In addition to providing complete logistics solutions for Alaska’s supply chains, Carlile leverages a mix of ocean, air, and road transportation to move products for Alaska’s consumers and businesses.
As many consumers in Alaska know, some retailers don’t ship to the state. Carlile’s MyConnect addresses this challenge. Alaskans can have purchases shipped from retailers in the mainland United States to Carlile’s terminal in Tacoma, Washington. From there, their packages are forwarded to a Carlile package pick-up terminal in Alaska, where consumers can claim them. This capability also allows shippers operating outside the state access to the Alaskan market.
In addition to its supply chain work, Carlile boasts a long history of helping community organizations by volunteering and offering in-kind transportation and donations. Employees are often seen at events supporting the American Heart Association, American Cancer Society, Covenant House, and other non-profit organizations.
For more than 20 years, Carlile has been providing hoodies to every student at its partner school, Mountain View Elementary, ensuring the children can stay warm during Alaska’s colder months. High-visibility colors help keep them safe as they walk to and from school in the dark winter months.
When it comes to Alaskan logistics, Carlile’s expertise, experience, and rugged equipment allow it to deliver seamless, reliable solutions, so shippers can be confident their cargo will arrive on time, intact, and on budget. For more than 40 years, Carlile and its employees have remained true to its mission: “When the road ends, we keep going.”
Lynden: Doing Tough Things in Tough Places
Lynden’s experience in Alaska goes back almost 70 years. In the early 1950s, few thought delivery trucks could safely drive the Alaska-Canada (Alcan) Highway, which runs from Victoria, British Columbia past Juneau.
But in 1954, the first Lynden Transfer Kenworth left Seattle with a load of fresh meat, headed for Alaska. Two drivers made the four-day trip and safely delivered the shipment. With that trip, Alaskans gained access to fresh produce, meat, and other foods.
Embarking on deliveries to Alaska “requires expertise in multimodal transportation and the ability to take complexity out of the process for customers, and offer seamless door-to-door service,” says Lynden’s Alex McKallor. “We listen to customers and then craft solutions to address their challenges.”
Leveraging Transportation Modes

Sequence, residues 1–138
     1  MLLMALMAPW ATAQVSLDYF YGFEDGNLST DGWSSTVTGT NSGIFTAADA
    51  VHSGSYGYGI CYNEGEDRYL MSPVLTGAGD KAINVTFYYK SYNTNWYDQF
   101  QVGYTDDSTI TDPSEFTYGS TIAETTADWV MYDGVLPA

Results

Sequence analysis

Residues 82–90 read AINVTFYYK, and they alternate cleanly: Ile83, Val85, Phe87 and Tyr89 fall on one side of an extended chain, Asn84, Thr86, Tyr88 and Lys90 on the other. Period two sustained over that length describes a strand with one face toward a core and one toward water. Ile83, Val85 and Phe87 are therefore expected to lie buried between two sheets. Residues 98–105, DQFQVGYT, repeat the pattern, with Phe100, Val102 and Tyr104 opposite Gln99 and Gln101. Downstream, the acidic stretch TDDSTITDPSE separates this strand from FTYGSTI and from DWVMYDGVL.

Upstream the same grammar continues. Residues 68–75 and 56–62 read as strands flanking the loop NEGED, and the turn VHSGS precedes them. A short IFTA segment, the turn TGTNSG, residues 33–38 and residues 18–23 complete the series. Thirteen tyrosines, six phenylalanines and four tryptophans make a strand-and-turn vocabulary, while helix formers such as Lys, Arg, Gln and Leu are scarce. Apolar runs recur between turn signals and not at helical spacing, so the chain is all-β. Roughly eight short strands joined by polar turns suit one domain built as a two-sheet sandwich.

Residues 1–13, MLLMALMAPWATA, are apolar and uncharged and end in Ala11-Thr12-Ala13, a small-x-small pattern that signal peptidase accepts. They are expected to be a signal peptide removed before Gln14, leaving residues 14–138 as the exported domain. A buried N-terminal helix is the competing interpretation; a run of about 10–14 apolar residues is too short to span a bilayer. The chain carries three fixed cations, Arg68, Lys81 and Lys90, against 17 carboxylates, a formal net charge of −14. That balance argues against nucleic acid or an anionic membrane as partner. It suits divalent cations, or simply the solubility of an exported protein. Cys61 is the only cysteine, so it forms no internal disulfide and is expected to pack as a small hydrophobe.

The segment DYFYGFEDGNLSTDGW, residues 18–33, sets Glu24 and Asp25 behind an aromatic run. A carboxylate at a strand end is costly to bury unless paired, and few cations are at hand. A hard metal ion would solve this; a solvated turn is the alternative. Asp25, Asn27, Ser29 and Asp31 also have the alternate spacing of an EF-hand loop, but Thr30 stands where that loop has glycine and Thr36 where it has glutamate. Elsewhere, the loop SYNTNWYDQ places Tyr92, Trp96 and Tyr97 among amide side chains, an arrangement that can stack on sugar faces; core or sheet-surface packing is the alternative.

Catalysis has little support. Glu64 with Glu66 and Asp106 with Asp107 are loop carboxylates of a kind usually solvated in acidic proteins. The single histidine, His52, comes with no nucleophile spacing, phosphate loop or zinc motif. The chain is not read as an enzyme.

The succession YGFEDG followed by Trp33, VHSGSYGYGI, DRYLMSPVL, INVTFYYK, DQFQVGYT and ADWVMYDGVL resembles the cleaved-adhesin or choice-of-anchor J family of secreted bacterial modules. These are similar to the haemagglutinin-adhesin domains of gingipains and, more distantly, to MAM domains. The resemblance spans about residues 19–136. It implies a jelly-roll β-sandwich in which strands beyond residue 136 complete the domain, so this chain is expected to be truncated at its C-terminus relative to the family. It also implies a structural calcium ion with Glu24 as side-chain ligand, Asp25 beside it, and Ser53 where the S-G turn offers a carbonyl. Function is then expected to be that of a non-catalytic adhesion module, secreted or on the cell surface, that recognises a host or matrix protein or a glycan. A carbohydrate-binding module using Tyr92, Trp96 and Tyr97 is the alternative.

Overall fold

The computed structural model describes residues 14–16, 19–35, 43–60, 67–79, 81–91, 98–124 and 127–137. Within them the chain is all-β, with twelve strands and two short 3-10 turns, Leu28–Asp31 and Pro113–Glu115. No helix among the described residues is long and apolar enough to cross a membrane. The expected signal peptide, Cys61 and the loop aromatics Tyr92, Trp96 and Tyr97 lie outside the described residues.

Moving shipments to Alaska typically requires leveraging three or four transportation modes. Lynden coordinates much of this behind the scenes, so customers can focus on the rest of their business, confident their shipments will get where they need to.
Lynden offers shippers several routing options, including air, marine, and highway, for both less-than-truckload (LTL) and truckload.
“We offer options so you can pay for the speed you need,” McKallor says. For instance, road trips over the Alcan highway tend to go faster than shipments that move by boat, but are also more expensive. An integrated technology platform offers door-to-door visibility in real time.
Lynden’s customer base ranges from small businesses to some of the largest retail, energy, and other companies around. “It runs the gamut,” McKallor says. No matter the size or industry, Lynden uses its expertise and equipment to ensure shipments arrive on time and intact.
In early 2023, Lynden coordinated a multimodal effort to move a critical engine part that was needed to support oil drilling operations near Prudhoe Bay.
To start, a Lynden Hercules cargo plane flew the crated engine from Bethel, Alaska, to Anchorage, a trip of about 400 miles. A driver then “hotshot” the part by truck about 900 miles over the often-treacherous Dalton Highway to Point Oliktok, about 50 miles west of Prudhoe Bay. From there, a hovercraft delivered the part to its final destination.
“Our theme is doing tough things in tough places,” McKallor says. “It’s hard work and a lot of companies shy away from it. But we do it safely day in and day out.”
Span Alaska: Customers First
Span Alaska ships more than 400 million pounds of freight annually to Alaska. With its customer-first culture, Span Alaska strives to be the best freight transportation solution for the often-challenging Alaskan terrain, says President Michael Johnson. It serves all points in the state, moving more LCL (less-than-containerload) freight than any other carrier in the state.
“Our goal is to be a customer-focused and quality-driven provider that is an incredibly reliable part of the supply chain,” says Johnson.
The company launched in 1978, and through the decades grew into one of the largest freight companies serving Alaska. In August 2016, Matson Logistics acquired Span Alaska. “Because of Span Alaska’s significant volume, we can direct load into all our service centers, even the smaller locations,” Johnson says.
“The dedicated, direct loading of containers from Tacoma to each service center in Alaska ensures minimal cargo rehandling, reduced transit times, and security seal integrity from origin to destination,” he adds.